7. Essay on Gardening for Students and Children

    Everything comes under the kingdom of plants. Read 500 Words Essay on Trees here. People are spotting gardens, rooting grasses, preparing beds, sowing seeds, planting trees and watering crops on frequent bases. By working both morning and evening, they keep the garden neat and tidy. The manure the gardens as well.

  8. The Republic of Childhood: Friedrich Froebel's Kindergarten and

    This essay considers the idea of the Kindergarten as theorized by Friedrich Froebel in 1840, focusing on his view of gardening as a socially formative practice that adapted to, and helpfully shaped, the natural inclinations of young children. Arguing that Froebel's approach both aligned with and deviated from Jean-Jacques Rousseau's influential theories, the essay posits that he was ...

  9. School Gardening and Health and Well-Being of School-Aged Children: A

    We used a systematic realist approach to investigate how school gardens improve health and well-being outcomes for school-aged children, why, and in what circumstances. The context and mechanisms of the specific school gardening interventions ( n = 24) leading to positive health and well-being outcomes for school-aged children were assessed.

  10. Kindergarten: Garden Pedagogy from Romanticism to Reform

    The following essay traces the garden and excursion components of the kindergarten from its romantic origins to its reform application, illuminating how changes in garden pedagogy reflect and reinforce broader views held by society. ... Kindergarten: Garden Pedagogy from Romanticism to Reform. Susan Herrington. Landscape Journal, March 2001, 20 ...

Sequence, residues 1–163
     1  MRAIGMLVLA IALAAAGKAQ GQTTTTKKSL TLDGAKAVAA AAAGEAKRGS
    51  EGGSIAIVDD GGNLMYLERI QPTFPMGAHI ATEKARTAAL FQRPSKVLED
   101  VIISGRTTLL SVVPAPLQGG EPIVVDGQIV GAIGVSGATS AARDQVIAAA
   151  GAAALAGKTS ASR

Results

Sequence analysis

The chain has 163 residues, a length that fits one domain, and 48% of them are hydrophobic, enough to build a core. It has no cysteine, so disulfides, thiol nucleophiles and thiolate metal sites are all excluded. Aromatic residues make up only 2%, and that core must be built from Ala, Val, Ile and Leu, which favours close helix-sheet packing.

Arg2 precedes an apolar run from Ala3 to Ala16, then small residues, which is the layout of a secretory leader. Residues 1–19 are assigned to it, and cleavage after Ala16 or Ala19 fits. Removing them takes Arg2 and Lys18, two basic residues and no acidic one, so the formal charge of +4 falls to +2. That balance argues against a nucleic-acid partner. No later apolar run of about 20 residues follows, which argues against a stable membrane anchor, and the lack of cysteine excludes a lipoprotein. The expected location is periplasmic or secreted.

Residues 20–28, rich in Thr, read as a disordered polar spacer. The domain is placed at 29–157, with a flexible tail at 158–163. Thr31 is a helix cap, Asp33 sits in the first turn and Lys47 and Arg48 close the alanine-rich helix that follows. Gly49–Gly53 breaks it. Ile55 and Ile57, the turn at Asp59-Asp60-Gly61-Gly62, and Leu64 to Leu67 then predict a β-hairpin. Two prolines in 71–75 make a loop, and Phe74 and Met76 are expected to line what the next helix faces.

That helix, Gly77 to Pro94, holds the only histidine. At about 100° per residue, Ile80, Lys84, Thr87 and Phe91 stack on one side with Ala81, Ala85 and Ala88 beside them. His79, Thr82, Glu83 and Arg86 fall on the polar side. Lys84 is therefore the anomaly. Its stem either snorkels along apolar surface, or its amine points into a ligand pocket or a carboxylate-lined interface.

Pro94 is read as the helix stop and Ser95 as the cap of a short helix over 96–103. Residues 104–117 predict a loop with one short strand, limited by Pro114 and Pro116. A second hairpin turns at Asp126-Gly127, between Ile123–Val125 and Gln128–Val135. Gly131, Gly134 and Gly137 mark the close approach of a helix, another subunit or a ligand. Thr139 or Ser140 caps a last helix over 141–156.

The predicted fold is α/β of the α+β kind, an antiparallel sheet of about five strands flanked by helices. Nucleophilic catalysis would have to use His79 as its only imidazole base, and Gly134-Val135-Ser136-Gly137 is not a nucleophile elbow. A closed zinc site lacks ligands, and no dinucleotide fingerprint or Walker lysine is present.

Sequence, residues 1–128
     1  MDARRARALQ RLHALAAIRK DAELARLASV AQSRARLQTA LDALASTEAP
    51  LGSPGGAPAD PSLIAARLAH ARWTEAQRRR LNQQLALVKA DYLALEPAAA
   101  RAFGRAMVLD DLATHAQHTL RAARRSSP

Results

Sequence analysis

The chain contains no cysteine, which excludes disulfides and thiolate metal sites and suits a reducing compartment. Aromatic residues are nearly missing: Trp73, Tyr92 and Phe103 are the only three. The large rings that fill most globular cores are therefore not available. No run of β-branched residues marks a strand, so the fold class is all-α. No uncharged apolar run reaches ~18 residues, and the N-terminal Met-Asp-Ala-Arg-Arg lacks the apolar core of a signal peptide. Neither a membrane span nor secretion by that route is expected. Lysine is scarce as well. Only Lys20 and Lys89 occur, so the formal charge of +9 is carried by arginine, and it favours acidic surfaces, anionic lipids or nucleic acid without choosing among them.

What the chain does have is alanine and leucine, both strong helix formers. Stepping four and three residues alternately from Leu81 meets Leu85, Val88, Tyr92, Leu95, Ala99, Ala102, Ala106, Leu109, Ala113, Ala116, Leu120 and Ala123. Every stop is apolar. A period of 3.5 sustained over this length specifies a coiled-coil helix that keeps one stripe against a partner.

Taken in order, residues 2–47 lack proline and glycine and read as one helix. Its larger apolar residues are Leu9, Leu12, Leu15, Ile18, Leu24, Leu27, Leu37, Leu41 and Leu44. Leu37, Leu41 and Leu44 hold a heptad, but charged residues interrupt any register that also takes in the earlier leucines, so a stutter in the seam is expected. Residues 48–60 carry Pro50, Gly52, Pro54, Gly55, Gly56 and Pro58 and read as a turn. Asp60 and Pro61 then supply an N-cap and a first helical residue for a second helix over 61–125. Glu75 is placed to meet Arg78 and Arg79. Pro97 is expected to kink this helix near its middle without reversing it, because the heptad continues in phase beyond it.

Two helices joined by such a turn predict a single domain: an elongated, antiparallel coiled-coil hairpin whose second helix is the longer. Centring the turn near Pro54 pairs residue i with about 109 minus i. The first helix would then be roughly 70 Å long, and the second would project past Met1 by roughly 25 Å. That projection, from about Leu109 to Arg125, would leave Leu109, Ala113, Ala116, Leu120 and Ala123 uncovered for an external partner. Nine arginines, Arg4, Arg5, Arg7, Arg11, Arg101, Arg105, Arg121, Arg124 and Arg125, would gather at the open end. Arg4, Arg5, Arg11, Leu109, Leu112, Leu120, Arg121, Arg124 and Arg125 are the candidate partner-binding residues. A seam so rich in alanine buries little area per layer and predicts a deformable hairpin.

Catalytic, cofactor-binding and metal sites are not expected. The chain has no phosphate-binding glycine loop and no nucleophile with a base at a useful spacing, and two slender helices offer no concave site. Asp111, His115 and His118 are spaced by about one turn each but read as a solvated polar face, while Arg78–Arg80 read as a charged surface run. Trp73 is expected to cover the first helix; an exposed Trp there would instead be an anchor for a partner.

11. My Garden Essay

    My garden turns out to be the brightest of all because of the flowers. The trimming of the grasses is done by me and I am the only person on whom my grandfather depends a lot. Every day I wake up with the chirping of the birds. My garden is the safe shelter of various birds. I don't even know the name of all the birds.

  12. My Garden Essay for Class 1

    Essay 1: Short Essay on My Garden Of 100 Words. My family had a small plot outside our house. My mother and I have used that plot to make a garden. My garden is very colourful. I have set it up with the help of my family. I water the plants every day.

  13. Inside the world's best kindergarten

    Inside the world's best kindergarten. Apr 23, 2015 / Thu-Huong Ha. At Fuji Kindergarten outside Tokyo, kids make the most of a magical environment designed just for them. The roof of their oval-shaped school, designed by Tokyo-based firm Tezuka Architects, is an endless playground, and trees grow right through classrooms.

  14. Gardening with young children: Dig in!